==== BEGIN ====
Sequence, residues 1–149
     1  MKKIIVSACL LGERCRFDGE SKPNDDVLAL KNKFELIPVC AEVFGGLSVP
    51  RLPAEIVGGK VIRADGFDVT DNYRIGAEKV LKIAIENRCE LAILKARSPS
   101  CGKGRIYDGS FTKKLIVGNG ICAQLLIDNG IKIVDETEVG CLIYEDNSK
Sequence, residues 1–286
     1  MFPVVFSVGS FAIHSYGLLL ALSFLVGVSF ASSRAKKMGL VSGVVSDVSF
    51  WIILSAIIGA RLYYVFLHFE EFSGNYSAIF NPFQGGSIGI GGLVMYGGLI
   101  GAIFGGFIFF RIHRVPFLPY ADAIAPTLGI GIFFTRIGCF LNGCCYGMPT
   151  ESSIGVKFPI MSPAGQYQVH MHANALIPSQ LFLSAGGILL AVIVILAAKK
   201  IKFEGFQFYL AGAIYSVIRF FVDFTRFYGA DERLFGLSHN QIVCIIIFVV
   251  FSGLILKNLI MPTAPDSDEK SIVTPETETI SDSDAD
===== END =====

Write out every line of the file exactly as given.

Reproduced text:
Sequence, residues 1–149
     1  MKKIIVSACL LGERCRFDGE SKPNDDVLAL KNKFELIPVC AEVFGGLSVP
    51  RLPAEIVGGK VIRADGFDVT DNYRIGAEKV LKIAIENRCE LAILKARSPS
   101  CGKGRIYDGS FTKKLIVGNG ICAQLLIDNG IKIVDETEVG CLIYEDNSK
Sequence, residues 1–286
     1  MFPVVFSVGS FAIHSYGLLL ALSFLVGVSF ASSRAKKMGL VSGVVSDVSF
    51  WIILSAIIGA RLYYVFLHFE EFSGNYSAIF NPFQGGSIGI GGLVMYGGLI
   101  GAIFGGFIFF RIHRVPFLPY ADAIAPTLGI GIFFTRIGCF LNGCCYGMPT
   151  ESSIGVKFPI MSPAGQYQVH MHANALIPSQ LFLSAGGILL AVIVILAAKK
   201  IKFEGFQFYL AGAIYSVIRF FVDFTRFYGA DERLFGLSHN QIVCIIIFVV
   251  FSGLILKNLI MPTAPDSDEK SIVTPETETI SDSDAD